End of life doulas, commonly known as death doulas or death midwives, guide patients and their families through the dying process. This person is not medically trained but receives a certification to support patients and families during the transition into death. They take a holistic approach that covers the physical, emotional, and spiritual wellbeing of a patient and their family, and ensures everyone feels supported through this challenging process.
As a caregiver, you may feel the transition to the end of life is drawing near. But that doesn’t mean you have to handle it alone. Death doulas mirror the role of birth doulas or midwives, but instead at the end of life. They help you prepare and walk you through every step of the process. Doulas provide a calm, reassuring presence and offer a caring approach to the final phase of life.
This unique approach to death may be just what you need to ensure your loved one’s passing feels as supported as possible. Let’s take a look at the role of an end of life doula, and how caregivers can work with them to help their loved one transition, and their family find peace through the process.
What is a Death Doula?
A death doula is a relatively new role. They cover all non-medical end-of-life care and support a patient and their loved ones’ need. Death doulas often notice that emotions prevent patients and their families from communicating their wishes. Doulas can facilitate this communication to ensure everyone is at peace throughout the process.
End of life doulas often work with care teams, grief counselors, funeral directors, hospice workers, and other professionals. With a doula on board, you’ll ensure the patient communicates their wishes and has their needs met every step of the way.
What Does a Death Doula Do?
End of life doulas do much more than just sit by a patient’s bedside in their final moments. They help with all sorts of other tasks involved with the end of life. Here are a few of the ways a death doula can help a patient and their loved ones.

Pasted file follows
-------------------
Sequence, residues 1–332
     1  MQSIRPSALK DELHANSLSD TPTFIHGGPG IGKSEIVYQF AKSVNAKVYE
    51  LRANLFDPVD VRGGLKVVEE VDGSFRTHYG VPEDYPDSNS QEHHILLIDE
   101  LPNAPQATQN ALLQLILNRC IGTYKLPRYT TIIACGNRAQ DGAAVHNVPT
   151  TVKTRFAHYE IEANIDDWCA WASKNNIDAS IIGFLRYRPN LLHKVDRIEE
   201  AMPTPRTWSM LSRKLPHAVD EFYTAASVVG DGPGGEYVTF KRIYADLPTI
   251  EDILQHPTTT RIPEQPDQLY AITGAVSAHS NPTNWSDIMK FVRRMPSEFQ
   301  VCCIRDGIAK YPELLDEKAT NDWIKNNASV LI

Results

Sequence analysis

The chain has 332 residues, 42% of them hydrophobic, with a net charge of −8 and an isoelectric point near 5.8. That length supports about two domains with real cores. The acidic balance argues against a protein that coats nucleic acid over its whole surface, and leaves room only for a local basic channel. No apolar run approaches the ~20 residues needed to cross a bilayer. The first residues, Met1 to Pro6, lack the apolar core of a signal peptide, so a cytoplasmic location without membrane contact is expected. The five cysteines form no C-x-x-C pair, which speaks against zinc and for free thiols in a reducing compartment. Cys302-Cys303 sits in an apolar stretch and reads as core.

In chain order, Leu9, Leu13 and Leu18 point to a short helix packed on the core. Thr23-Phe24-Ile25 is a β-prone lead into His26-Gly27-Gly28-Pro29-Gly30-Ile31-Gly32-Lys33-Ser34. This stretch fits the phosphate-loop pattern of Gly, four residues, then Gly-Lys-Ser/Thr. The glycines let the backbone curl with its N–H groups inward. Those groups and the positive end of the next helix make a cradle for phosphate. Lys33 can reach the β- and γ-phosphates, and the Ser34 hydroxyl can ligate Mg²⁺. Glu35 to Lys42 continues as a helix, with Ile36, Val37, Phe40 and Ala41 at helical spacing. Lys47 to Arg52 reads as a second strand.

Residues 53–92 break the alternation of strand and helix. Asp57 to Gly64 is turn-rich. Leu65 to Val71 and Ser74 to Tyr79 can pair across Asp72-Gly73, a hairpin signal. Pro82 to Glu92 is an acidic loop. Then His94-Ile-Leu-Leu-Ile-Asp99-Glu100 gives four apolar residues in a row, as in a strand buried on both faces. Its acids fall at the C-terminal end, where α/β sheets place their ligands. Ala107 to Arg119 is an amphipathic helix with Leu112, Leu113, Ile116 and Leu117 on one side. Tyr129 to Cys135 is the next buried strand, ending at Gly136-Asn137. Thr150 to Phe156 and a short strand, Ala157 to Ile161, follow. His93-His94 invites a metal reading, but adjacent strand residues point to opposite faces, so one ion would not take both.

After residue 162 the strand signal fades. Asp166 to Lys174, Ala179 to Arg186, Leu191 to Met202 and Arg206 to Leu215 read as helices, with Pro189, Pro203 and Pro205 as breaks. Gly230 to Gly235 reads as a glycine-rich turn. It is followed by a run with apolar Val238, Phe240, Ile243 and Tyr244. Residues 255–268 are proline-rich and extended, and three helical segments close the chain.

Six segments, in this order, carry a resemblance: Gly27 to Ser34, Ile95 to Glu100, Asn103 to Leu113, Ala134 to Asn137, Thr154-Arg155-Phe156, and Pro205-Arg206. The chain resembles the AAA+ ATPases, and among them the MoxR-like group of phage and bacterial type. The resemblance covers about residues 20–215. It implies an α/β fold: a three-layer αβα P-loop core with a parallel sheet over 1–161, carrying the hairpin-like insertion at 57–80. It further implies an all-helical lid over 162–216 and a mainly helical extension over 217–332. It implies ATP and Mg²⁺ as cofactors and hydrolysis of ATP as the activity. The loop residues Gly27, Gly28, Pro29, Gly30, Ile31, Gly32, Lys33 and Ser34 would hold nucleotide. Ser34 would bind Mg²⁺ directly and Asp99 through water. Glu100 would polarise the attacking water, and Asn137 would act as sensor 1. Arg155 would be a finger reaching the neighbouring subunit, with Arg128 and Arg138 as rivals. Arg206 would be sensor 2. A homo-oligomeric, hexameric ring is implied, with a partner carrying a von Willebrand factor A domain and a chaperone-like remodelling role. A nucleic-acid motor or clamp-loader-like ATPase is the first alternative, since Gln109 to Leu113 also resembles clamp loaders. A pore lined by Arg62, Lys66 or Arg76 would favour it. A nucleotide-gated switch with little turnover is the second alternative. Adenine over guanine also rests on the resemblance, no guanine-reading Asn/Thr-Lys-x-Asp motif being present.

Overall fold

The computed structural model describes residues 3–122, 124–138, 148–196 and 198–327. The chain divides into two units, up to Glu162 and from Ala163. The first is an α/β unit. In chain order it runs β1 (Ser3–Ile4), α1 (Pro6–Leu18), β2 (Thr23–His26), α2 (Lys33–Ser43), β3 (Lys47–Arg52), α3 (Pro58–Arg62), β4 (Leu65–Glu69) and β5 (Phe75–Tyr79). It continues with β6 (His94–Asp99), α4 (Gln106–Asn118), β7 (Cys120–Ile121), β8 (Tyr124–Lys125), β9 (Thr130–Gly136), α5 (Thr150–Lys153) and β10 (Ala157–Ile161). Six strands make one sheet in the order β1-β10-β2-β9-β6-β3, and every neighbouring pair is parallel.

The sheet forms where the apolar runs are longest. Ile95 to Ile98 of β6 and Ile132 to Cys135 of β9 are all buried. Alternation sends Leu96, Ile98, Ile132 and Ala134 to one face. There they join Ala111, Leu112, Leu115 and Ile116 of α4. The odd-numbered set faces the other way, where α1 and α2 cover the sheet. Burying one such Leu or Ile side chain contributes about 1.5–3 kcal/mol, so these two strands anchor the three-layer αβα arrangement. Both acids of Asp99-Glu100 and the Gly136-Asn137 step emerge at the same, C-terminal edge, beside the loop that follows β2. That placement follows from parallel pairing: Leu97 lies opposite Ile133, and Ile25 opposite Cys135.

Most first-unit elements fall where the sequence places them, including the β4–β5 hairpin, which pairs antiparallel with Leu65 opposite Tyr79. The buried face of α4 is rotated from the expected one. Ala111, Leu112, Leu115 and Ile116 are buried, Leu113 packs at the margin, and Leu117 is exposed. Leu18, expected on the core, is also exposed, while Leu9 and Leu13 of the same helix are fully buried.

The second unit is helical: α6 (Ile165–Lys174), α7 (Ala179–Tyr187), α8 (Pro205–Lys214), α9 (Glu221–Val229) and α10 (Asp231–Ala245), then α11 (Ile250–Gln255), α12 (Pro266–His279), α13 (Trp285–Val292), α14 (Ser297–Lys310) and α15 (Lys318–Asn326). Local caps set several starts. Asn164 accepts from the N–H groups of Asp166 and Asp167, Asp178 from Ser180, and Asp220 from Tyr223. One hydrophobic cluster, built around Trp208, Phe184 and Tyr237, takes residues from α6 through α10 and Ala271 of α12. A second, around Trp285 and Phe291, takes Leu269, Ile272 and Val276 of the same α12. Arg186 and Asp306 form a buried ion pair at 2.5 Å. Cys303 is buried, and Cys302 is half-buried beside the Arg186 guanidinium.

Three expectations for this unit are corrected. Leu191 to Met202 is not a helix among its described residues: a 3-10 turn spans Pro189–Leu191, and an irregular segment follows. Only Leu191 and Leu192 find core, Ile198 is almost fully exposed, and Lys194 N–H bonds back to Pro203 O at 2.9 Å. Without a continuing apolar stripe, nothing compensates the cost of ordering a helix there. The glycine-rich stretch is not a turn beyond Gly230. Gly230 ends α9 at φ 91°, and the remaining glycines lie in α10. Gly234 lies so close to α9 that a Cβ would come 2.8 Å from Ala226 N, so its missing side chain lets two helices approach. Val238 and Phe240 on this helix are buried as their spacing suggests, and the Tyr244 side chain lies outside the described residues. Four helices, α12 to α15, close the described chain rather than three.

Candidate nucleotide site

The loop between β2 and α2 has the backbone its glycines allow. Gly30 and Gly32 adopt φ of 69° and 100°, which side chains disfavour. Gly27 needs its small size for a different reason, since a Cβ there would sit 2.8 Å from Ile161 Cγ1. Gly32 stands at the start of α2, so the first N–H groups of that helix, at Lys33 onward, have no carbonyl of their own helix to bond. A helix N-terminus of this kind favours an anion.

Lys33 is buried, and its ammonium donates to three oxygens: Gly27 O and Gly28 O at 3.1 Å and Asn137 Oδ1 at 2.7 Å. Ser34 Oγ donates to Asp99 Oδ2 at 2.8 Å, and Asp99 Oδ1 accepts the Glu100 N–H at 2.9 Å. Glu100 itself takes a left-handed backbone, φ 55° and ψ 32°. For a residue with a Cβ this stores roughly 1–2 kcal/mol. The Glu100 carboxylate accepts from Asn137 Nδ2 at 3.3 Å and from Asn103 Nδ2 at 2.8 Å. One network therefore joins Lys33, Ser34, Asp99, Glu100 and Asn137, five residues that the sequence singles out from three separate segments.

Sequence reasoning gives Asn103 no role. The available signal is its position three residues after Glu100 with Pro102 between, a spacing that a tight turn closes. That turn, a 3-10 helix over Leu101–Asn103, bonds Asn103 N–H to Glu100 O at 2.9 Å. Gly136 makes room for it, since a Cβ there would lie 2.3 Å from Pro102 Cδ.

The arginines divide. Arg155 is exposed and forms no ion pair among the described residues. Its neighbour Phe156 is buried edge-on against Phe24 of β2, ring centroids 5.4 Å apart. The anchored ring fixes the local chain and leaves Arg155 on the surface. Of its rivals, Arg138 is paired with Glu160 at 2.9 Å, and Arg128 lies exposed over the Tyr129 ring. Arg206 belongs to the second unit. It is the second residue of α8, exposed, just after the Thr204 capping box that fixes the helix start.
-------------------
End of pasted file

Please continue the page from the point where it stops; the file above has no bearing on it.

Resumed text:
- Doulas can help with all of the paperwork involved with a death.
- They can help with household chores to give patients and their families more time together.
- Doulas offer emotional and spiritual support, walking a patient and their loved ones through the dying process.
- They offer education and research services to keep loved ones informed and ensure everyone receives the treatment they deserve.
- End of life doulas coordinate with other professionals, so you don’t have to handle arrangements on your own.
- They facilitate communication and ask the right questions. This helps the patient and their loved ones reach common ground, so the end of life aligns as well as possible with their wishes.
- They are present before and during the patient’s passing to provide a sense of comfort, companionship, and support.
- They support the family after their loved one has passed to ensure arrangements are in order, and everyone gets the space they deserve to grieve.
Here is a list of tasks death doulas do not do:
- They do not administer medication or perform any other medical duties for the patient.
- Doulas do not give medical advice.
- They do not allow their own judgments or values to influence their role.
- They do not breach confidentiality or ethical standards.
- End of life doulas do not take over the roles of other care providers.
How Can Caregivers Work with these Professionals?
If you hire an end of life doula, you’ll have a companion to walk you through all of the processes associated with death. As a caregiver, you may be accustomed to providing for your loved one on your own. So, working with a death doula can offer much-needed relief.
Since the profession is unregulated, many doulas work independently. That means the way you work together will vary depending on who you choose. Doulas may work for a flat fee, daily, or even hourly rate, so you’re sure to find the type of care that works with your needs and your budget.
Should I Hire a Death Doula?
Consider hiring a death doula if you’d like support through any of the processes associated with death. Many of us prefer not to think about dying, but doulas can help us get more comfortable with the idea, so the process is more straightforward when the time comes. Reach out to doulas in your area to learn about their previous experience, training, and background to see if they make a good fit for your circumstances.